The 35th annual bazaar is only a little over a week away. Doors will open at 9 a.m. sharp on Saturday, Nov. 7, and customers will be able to “shop until they drop,” until 3 p.m. This year, the bazaar has attracted interest from new artists as well as returning ones. In addition to all the booths in the main room of the Ross Aragon Community Center there will be nine talented vendors in the arts and crafts room and seven more in the south conference room just inside the front door. Be sure to visit all three rooms.
The bazaar primarily features artists and crafters who will offer handmade items, but there are also several longtime “anchor” commercial vendors who will be filling out the venue. This year there are 71 booths. However, there are more than 71 individuals participating, as two or more sellers are sharing booth space in many instances. This is unofficially the kickoff event of the holiday season that gets people thinking about gift giving. Can you imagine having all our holiday shopping done by the first week in November? Here is your chance!
The raffle and bake sale tables will be located in the lobby, just as you enter the building. Club members have been busy in their kitchens creating delicious baked goods. They have also been gathering items for basket giveaways and other raffle items. There will be three of the famous $50 money wreaths for you to take chances on. Many of the artists and crafters have also graciously donated raffle and silent auction items. Raffle tickets are available from club members, at the checkout desk at the library, and, of course, at the bazaar. This year 2,500 tickets have been printed. When these are sold no more will be made available, so don’t wait too long to make your purchase. The price remains $1 each or six tickets for $5. Winning names will be drawn at the close of the bazaar at 3 p.m.
This is the third year for the silent auction. Auction items will be on display at tables near the Civic Club Cafe, in the main room. Items are still coming in for this part of the bazaar — and there are already such items as clothing and footwear, jewelry, artwork, holiday items and spa packages. You can bid on silent auction items from 9 a.m.-2 p.m.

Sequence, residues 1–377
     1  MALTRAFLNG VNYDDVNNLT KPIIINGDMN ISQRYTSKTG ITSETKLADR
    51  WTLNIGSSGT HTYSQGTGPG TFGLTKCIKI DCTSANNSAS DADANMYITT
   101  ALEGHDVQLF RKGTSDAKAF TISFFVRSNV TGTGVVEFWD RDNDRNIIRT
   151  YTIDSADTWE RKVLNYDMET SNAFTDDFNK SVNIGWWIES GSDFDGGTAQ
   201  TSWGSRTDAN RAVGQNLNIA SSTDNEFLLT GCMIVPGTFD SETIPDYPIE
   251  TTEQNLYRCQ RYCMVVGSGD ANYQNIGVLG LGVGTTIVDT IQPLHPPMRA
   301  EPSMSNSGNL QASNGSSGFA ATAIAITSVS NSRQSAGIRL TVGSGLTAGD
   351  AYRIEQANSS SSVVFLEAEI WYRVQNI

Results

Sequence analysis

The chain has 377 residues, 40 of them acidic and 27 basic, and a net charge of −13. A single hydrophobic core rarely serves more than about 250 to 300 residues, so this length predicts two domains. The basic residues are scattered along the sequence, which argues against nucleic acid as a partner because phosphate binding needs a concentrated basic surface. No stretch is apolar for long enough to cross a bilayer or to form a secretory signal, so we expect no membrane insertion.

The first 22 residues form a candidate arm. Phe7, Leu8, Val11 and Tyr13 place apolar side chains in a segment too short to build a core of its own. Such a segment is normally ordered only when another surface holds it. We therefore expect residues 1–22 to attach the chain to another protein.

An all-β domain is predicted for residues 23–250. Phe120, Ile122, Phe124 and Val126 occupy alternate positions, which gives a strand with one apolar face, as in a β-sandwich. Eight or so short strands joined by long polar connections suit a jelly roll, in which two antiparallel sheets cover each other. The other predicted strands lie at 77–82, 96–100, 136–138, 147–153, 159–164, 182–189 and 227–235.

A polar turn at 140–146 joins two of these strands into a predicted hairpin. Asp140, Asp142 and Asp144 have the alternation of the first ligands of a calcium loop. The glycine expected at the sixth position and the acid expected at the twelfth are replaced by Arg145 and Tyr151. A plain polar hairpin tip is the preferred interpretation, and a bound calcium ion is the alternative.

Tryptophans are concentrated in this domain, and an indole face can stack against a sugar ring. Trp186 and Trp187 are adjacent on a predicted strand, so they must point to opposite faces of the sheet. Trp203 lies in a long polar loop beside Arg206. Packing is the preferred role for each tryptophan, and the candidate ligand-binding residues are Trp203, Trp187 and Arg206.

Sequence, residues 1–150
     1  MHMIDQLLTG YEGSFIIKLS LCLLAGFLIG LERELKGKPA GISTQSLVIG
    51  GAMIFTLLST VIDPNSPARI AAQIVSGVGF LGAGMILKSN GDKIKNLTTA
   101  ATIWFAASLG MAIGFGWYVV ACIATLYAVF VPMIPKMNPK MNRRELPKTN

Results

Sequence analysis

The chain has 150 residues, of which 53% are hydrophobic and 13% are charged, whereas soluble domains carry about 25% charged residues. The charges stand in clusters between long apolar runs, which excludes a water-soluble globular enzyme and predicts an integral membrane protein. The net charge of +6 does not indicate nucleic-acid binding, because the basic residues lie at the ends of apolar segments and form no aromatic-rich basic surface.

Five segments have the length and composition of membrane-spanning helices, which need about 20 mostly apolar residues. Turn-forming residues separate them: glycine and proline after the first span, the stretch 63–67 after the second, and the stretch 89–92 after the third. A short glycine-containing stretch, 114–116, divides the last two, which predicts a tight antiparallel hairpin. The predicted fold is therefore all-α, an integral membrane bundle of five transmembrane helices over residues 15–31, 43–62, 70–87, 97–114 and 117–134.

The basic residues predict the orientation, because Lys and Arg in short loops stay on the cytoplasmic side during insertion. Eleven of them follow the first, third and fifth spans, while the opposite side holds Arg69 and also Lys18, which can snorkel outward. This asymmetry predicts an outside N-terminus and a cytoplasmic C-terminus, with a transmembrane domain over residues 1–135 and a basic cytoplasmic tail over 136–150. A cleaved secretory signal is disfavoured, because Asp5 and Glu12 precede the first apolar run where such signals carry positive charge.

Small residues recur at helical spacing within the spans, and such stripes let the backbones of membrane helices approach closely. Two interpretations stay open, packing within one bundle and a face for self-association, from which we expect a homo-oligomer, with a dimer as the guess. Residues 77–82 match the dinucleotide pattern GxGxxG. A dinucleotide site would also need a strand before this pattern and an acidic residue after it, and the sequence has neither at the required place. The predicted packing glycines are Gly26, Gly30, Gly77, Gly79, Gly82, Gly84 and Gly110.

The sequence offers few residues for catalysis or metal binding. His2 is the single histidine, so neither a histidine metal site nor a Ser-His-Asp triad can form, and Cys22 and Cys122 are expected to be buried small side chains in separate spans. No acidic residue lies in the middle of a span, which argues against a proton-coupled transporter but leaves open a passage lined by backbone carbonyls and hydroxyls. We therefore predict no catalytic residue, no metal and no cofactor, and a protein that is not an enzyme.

Have you ever been among the unfortunate shoppers who waited a little too long in past years to get your annual beef brisket sandwich with trimmings at the cafe? It is always difficult to anticipate the exact number of briskets to prepare, so be careful you don’t miss out. The cafe tables and chairs will be set up so you can take a break from your shopping to enjoy a morning snack and beverage as well as your delicious sandwich.
If you are too busy shopping to stop to eat, do not forget about all the homemade baked goods at the bake sale table in the lobby. In fact, it might be in your best interest to stop there on your way to the South Conference Room and the arts and crafts room so your favorite goodies don’t go home with other customers.
How can you become a member of this active worthwhile organization?
Area women of all ages are welcome to join and there are a several ways you can find out more about this group. You can contact this year’s club president, Jennifer, at 731-5835, or ask any club member at the bazaar for information (they’ll be the ladies wearing the red Christmas stocking name tags). Meetings are also announced in the community calendar section of this newspaper. You do not need an advance reservation to come to a meeting. The group meets on the third Thursday of the month at 1:30 p.m. , either at Community United Methodist Church on Lewis Street or in a member’s home. Check with a club member, call Jennifer, or watch the newspaper for details about the November meeting. The ladies would like to have you join them.